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Decency and democracy: the politics of prostitution in Ponce, Puerto Rico, 1890-1900.

The poor count among themselves many highly honorable families, but despite this, the Mayor and the Municipal Council have ordered prostitution among them. The poor have been obliged to accept prostitution as a neighbor. Prostitution now resides within honor.

Tired of invoking the law, which has refused to come to their aid, honor and decency will fall vanquished at the feet of prostitution, who struts about crowing of her impending triumph. Decency and honor, humiliated and ashamed, flee to hide in the fortress of justice, but in vain.

- Canta Claro, 1898

During the 1890s the Liberal Autonomist Party of Puerto Rico launched a concerted, and ultimately successful, campaign to win both autonomy from Spain and universal male suffrage. Much of the Liberal Autonomists' organizing and most fervent popular support was focused in the important sugar-producing municipality of Ponce; indeed, Ponce has been identified as the birthplace of Puerto Rican national identity.(1) The 1890s also witnessed a systematic, draconian state crackdown in Ponce against plebeian women suspected of "immorality"; by 1896, working women accused of nonmonogamy or unruly behavior in Ponce were immediately labeled prostitutes and as a result suffered public harassment, fines, and imprisonment. How can historians understand this paradox - the simultaneous emergence of a great political opening to working men and rather vicious state repression against urban working women, focused on their alleged sexual practices and characters? It is my contention that this convergence was not a mere coincidence; the Ponce municipal government's campaign to regulate prostitution was intimately linked to the beginnings of modern democracy in Puerto Rico.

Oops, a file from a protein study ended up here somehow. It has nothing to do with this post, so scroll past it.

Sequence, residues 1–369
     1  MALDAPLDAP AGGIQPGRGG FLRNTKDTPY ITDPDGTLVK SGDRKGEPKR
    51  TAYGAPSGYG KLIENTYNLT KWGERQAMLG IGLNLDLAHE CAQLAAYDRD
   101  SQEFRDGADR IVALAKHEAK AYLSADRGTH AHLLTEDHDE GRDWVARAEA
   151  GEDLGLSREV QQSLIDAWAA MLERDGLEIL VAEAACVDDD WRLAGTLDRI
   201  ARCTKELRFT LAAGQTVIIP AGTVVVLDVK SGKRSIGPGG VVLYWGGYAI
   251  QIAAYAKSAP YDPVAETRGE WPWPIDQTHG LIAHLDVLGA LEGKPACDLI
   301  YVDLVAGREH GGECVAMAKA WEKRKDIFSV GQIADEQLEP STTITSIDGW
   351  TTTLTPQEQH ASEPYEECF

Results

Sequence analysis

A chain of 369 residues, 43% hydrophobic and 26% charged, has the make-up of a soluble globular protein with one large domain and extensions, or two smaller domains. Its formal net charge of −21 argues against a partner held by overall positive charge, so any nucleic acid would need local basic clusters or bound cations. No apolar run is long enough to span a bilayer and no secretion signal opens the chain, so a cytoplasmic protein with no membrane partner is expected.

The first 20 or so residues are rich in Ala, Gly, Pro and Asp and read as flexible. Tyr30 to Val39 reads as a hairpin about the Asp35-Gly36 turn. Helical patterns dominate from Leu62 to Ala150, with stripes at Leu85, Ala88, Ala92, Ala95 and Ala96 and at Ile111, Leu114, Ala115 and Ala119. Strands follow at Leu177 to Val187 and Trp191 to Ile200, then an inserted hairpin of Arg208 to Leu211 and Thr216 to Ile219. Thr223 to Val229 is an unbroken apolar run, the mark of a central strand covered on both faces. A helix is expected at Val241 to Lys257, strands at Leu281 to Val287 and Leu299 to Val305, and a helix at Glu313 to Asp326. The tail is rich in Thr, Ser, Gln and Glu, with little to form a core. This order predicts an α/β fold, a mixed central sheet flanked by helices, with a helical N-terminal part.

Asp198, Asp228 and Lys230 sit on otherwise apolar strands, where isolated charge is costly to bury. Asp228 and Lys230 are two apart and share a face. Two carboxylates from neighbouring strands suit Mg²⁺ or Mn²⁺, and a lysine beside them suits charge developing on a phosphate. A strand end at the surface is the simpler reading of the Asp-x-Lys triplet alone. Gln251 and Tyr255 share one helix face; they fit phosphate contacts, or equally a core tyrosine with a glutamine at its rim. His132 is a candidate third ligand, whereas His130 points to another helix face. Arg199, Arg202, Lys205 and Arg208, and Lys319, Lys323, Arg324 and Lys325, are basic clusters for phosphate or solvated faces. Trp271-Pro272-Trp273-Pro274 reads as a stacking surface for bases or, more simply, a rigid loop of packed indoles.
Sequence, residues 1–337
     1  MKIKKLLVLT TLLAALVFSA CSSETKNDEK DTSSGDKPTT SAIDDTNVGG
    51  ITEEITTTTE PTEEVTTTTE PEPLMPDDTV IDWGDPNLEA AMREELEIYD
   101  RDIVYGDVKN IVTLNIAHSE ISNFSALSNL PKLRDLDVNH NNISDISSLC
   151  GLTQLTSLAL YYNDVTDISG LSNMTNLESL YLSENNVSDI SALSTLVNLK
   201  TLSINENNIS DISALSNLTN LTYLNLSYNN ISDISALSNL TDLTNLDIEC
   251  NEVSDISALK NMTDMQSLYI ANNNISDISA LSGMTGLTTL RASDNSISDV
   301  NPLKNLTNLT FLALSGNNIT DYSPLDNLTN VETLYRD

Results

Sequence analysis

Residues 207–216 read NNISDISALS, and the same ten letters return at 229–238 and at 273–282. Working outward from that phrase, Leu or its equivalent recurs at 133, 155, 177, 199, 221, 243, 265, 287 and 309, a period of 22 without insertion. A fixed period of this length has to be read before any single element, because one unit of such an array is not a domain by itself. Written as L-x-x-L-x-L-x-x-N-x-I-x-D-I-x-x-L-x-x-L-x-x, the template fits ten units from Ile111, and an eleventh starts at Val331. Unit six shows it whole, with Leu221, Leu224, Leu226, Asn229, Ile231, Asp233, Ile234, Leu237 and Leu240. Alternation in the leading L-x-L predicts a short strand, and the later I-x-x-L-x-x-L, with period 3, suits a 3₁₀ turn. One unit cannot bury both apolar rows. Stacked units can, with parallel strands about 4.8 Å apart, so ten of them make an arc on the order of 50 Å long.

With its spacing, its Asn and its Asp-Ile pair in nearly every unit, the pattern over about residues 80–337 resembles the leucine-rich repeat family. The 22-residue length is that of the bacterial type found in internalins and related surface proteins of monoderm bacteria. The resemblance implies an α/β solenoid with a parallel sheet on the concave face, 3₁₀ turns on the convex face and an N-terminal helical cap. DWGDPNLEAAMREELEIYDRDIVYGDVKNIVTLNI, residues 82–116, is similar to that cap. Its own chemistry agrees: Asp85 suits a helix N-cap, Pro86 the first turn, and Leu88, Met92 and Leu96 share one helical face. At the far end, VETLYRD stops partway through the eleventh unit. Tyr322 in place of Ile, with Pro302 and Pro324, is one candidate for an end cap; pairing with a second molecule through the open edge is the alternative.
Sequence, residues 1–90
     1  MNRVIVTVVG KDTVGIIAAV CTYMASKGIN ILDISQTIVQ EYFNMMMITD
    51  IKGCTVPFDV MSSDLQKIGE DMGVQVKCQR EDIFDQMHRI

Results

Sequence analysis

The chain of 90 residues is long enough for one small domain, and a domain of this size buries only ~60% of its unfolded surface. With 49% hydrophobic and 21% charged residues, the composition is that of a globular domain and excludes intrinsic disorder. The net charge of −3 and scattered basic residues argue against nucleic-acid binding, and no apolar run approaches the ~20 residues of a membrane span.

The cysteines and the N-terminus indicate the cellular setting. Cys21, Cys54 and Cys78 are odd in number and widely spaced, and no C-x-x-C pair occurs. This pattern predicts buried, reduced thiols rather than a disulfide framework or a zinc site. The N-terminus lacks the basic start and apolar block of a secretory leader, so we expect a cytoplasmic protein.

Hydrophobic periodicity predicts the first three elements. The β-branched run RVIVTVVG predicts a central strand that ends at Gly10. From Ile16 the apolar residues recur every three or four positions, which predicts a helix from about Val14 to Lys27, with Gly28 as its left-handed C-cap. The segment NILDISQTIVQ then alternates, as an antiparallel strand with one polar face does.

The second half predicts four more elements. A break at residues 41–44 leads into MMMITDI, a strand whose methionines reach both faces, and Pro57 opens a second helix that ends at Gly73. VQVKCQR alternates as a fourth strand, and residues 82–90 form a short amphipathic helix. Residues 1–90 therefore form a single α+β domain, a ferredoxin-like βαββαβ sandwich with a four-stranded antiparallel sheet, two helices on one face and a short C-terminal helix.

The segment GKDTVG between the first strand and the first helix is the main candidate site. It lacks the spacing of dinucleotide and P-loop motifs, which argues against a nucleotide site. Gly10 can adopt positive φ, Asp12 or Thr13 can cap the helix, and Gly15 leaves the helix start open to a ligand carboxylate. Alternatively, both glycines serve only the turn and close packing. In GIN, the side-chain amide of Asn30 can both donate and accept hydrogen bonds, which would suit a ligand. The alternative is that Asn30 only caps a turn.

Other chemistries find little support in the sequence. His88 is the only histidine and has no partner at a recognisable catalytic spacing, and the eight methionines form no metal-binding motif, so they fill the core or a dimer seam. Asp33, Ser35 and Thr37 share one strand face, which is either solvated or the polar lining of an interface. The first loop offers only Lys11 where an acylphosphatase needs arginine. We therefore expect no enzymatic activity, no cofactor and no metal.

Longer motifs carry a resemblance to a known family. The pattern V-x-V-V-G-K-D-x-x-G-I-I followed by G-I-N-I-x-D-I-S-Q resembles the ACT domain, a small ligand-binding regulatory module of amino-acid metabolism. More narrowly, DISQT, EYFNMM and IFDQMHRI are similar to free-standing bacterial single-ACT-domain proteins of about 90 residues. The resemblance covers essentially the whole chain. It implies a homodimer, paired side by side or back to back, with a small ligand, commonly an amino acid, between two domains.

The central question in many recent studies of the history of political democracy has been - who was left out? Historians now recognize that from its inception, liberal democracy has been partial at best. Enslaved people of both sexes, plebeian men, women of all classes and races - all were denied the right to participate in the body politic until their political struggles forced a broadening of the definition of democracy.(2) "Who was left out?" is obviously an important question, but this article seeks to take the discussion a step further. The central question here will be - how did social stigmatization of specific groups help to gain social equilibrium as new groups were challenging the status quo and/or entering the body politic? In other words, not just who was incorporated into and who was excluded from the electorate, but how was the transition to a broadened body politic managed? And what did gender, and particularly sexuality, have to do with it?(3)